Saturday, November 3
Talk about a looooonnnng day. Last night we turned the lights out at 9:45 and someone was coming to wake me at midnight to start climbing Mount Sinai. Well I couldn’t sleep. Partly because of excitement about what we were about to do, partly from cats fighting outside our room, and a whole lot because of all the mosquitoes. I think I might have slept from 10:45 to 11:15. After the knock on the door at 12:00 I brushed my teeth and got dressed. I dressed as warmly as I could: jeans, t-shirt, sweat-shirt, golf jacket. But I had my doubts about how cold it would be. We met in the courtyard of the monastery guest house and it wasn’t really that cold.
Around 12:30 we started walking. Just a little ways outside the monastery the Bedouins were waiting with their camels. 10 from our group were going up on camels and 3 of us, the three youngest, were walking all the way. I figured "Moses did it, so will I." If I ever get there again I’m taking a camel.
We had a Bedouin guide lead us. I could never remember his name and had to keep asking what it was. He and Ahmed, one of our tour guides, said we should just call him Suleiman (Arabic for Solomon). He led us up the mountain. It took us about 2 hours to walk up to the base of the 750 rugged stone steps. The ones on camels did it in about 1½ hours. My thighs were already sore from climbing inside the great pyramid two days earlier. They were burning and aching by the time we reached the rest of the group. Along the way up the mountain path you periodically come across some crude shacks built of stone where Bedouins sell coffee, tea, pop, water, chocolate bars, flash lights etc. There was also a Bedouin following us for a long while with his camel trying to get one of us to ride up. All along the way, up and down the mountain, there were Bedouins with their camels offering rides. "Camel? Camel? Camel good!"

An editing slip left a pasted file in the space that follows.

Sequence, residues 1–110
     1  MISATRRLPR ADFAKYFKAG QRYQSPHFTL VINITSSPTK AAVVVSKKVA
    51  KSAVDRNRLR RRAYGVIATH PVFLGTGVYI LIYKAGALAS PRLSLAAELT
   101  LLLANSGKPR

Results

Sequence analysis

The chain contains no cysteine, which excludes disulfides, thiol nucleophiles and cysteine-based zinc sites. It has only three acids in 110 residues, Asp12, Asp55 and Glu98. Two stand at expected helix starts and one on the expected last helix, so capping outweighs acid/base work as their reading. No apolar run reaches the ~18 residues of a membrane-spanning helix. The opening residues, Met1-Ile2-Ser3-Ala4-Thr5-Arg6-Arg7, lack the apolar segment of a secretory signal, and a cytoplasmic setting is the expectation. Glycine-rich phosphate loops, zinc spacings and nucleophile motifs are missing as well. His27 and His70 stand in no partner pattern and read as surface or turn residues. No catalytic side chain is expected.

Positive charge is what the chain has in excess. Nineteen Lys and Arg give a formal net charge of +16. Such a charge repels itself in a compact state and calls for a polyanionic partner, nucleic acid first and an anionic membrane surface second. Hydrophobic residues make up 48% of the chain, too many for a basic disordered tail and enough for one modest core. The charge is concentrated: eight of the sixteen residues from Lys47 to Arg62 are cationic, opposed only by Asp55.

It was a long hard climb. It wasn’t as steep as it could be. It zigged and zagged with lots of switch backs. It was totally dark. When we started out the moon hadn’t risen yet and there were a zillion stars out. Then we saw the moon. It was neat because, where at home a crescent moon is like a C or a backward C, here near the equator it was like a U. I also realized that when we see mosques at home the crescent moon on top of the minaret is like a C but in Egypt they all had the crescent lying down like a U.
Anyway, we climbed in the dark by the light of our flashlights. At one of the tea huts I had a Snickers bar and a Coke. We made lots of rest stops and finally joined the rest of the group. It was still pretty early so we rested at the tea hut at the base of the stairs. Then we set out to climb the 750 steps to the top of the mountain. Those are really rough steps and hard to climb. One couple who rode the camels didn’t even attempt climbing the stairs. A short while later an older fellow from our tour (68 years old) was really struggling and panting as we climbed the steps. I said, "You’re making me a little nervous and soon I’ll be a lot nervous. Are you sure you should be climbing these steps?" He decided he better go back down so Suleiman took him back to the tea hut with the others who stayed behind. Later I found out that this guy has had bypass surgery and has a heart murmur. I don’t know why he tried the climb in the first place. Soon after that another couple was having trouble and Ahmed had to take them back. We waited for him and then continued up the steps taking numerous rests (every 50 steps or so). We reached the summit at 4:30 or so while it was still very dark.
I read Exodus 19 and 20 to our group, and whoever else up there was listening in. I said a few words about the grace of God in the delivering of the slaves and choosing to be their God, and choosing them to be his people, then I read some prayers. Before I finished praying a Muslim on the mountain with us started chanting the call to prayers. There is a Greek Orthodox chapel and a Muslim Mosque at the summit of the mountain.
I said I was skeptical about the cold. It was freezing! We had sweated from our climb so we were chilled even more. There were Bedouins walking around up there renting out blankets for $2 or $4 depending on the size. Some of the women in our group got some. One of our guys did too and after a while he saw me shivering and gave his blanket to me.
We waited for the sunrise, and waited, and waited. The sky was getting brighter and you could start to see the mountains all around us. It was absolutely, stunningly, beautiful. My pictures won’t do the views justice. God was saying good morning in the eastern sky. There was some cloud and/or haze in that direction but finally the sun broke through.